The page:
Our pets are among the most joyful things in our lives. They are family, they are friendship, they are unconditional love. We cherish them and spoil them and look forward to their heartfelt welcomes every time we see them. The last thing that we want to think about is when they will no longer be there to greet us, lick our faces, nuzzle their noses up against us.
After five years of talking to grieving pet owners every day, one of the most common things that I hear from people is “I wish that I would have prepared for this.” Just as devastating as losing any other family member, losing a pet can be paralyzing. I think this reference to “preparing” is both preparing emotionally, and logistically, i.e., what do you want to do with the body? One dear client of mine took a leave of absence from work and spent the last year of her dog’s life at home with her, not wanting to miss a moment of her last days. But never did she think of preparing for what she would do with her loved one’s (Coco) remains after she passed. Once Coco was gone, she realized that she didn’t believe in cremation and wanted to bury her dear pup but had no idea what kind of box or container to bury her in. She was so distraught over the loss that she couldn’t think clearly at all and wished that she had made all of these decisions before the dreaded time came – when she was able to think clearly.
While it is difficult, not fun and absolutely dreadful to think about, preparing for the loss of your animal companion(s) can prove to be the best thing that you ever do for yourself. You’ll thank yourself later because all of these difficult decisions will already be made and the logistics and motions that you have to go through will be just that – logistics and motions. You won’t be bogged down in a lot of difficult decisions that are made so much harder by your broken heart.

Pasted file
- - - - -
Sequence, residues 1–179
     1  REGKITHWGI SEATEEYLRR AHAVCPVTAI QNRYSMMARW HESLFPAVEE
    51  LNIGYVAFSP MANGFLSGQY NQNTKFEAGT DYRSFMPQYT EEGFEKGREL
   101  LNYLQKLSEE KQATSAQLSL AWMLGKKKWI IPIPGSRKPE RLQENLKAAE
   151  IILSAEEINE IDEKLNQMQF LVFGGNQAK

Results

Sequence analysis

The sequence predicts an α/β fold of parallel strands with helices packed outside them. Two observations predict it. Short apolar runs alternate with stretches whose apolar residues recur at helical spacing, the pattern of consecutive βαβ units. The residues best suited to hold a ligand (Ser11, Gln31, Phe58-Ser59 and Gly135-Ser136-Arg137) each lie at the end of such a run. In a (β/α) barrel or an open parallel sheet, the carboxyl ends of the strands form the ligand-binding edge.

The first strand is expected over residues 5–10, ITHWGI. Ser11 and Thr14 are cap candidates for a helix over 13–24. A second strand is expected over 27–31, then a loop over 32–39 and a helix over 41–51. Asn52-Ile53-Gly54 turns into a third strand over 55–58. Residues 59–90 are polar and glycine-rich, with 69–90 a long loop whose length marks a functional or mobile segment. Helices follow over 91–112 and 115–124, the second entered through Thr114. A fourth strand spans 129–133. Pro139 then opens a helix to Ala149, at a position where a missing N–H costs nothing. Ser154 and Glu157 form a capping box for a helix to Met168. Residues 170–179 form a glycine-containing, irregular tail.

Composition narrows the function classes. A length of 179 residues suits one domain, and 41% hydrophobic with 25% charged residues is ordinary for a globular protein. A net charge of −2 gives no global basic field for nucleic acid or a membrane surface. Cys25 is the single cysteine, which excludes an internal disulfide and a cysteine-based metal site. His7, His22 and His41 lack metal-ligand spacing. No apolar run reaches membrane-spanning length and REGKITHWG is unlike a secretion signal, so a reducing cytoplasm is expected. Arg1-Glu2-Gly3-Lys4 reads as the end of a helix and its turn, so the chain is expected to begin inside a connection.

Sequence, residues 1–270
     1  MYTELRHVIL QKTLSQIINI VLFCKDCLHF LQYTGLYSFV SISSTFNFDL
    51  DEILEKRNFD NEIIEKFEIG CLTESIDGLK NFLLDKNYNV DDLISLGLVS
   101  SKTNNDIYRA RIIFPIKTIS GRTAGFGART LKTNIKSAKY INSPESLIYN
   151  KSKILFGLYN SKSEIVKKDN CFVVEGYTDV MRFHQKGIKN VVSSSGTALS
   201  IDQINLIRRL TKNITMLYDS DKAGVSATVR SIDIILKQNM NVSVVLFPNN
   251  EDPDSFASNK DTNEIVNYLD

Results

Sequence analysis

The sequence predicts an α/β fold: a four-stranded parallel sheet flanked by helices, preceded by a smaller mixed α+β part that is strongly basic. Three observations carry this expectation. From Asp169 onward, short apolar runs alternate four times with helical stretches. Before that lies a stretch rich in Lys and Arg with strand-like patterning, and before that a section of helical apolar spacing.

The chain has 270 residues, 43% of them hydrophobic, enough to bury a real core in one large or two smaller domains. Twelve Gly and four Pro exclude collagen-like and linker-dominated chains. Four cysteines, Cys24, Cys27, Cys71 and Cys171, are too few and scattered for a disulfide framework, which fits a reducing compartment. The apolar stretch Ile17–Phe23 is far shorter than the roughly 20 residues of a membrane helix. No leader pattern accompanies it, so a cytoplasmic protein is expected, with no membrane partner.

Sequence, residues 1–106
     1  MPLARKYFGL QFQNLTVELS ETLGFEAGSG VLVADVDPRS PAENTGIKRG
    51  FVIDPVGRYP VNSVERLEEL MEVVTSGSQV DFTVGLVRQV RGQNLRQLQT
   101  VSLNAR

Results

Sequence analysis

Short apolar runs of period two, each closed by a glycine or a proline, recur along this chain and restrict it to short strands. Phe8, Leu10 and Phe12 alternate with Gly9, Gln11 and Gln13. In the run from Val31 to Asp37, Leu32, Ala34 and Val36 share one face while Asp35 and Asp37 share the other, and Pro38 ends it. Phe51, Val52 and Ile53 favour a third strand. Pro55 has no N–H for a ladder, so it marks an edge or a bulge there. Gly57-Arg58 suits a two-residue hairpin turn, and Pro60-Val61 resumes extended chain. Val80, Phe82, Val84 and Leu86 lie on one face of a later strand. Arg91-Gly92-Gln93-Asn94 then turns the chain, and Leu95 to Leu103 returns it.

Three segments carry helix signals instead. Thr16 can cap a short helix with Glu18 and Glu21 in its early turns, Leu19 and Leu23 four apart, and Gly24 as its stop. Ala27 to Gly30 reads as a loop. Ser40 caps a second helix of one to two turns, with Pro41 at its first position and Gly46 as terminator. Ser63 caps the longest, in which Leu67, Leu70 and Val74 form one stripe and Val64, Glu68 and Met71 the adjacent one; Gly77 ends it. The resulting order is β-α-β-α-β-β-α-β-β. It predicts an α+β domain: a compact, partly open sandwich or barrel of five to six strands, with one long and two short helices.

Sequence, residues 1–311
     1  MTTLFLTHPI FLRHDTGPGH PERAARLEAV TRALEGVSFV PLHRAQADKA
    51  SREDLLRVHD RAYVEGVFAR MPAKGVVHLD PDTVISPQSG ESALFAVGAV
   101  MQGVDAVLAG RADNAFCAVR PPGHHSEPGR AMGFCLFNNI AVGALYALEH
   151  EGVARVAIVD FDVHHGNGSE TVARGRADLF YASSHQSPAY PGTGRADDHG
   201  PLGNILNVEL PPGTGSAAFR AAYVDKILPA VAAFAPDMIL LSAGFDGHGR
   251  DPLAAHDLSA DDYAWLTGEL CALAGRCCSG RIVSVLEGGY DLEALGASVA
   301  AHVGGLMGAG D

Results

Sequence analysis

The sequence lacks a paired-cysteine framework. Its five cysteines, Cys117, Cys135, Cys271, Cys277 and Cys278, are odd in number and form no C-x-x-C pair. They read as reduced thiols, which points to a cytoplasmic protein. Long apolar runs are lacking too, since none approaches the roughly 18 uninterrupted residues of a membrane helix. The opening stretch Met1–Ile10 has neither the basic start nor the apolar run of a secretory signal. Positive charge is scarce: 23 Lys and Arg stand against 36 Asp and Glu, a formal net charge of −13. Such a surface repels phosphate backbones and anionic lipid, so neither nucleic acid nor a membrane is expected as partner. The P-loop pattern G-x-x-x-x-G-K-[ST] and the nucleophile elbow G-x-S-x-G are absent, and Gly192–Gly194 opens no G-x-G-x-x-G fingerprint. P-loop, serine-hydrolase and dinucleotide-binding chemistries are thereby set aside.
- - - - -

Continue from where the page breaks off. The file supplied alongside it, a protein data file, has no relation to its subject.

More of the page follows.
Decisions to give some thought to now:
1. Cremation or burial? This is a VERY personal choice. Do you believe in cremation? It’s a good question to make a decision about ahead of time.
2. If burial is the right choice for you, choose a pet cemetery now, find out the pricing and availability of plots.
3. What type of grave marker do you want to use
4. Do you want to have a ceremony? Large or small? Indoors or out?
5. Do you want to put anything else in the grave with your pet, i.e., toys, photos, pillow, blanket, a memento of yourself, etc?
On a bit of a lighter note you might want to consider making a list of all of the fun and indulgent things that you’re going to do with your furry friend in his or her last days. Now this is only useful if your pet is sick and you know the end is coming. Unfortunately, our friends sometimes suffer unexpected accidents that we don’t see coming, but if you know the end is near, spoil your pet rotten in their last days with you. Let them sleep on furniture they’re not supposed to, let them indulge in their treats (if it won’t harm them or cause them to be uncomfortable), take them for lots of car rides if they love that, take lots of walks and play all of those silly games that make them so happy.
Make every day meaningful for both you and your pet. Unfortunately they’re not with us forever, so we need to savor all of the love and friendship that they give us so generously.
Colleen Mihelich is the Founder of Peternity.com, a website dedicated to supporting the grieving pet owner. She is an expert author on the subject of Pet Loss. You can find her on her blog, Twitter, Facebook and LinkedIn. Post a free memorial to your pet on Peternity.com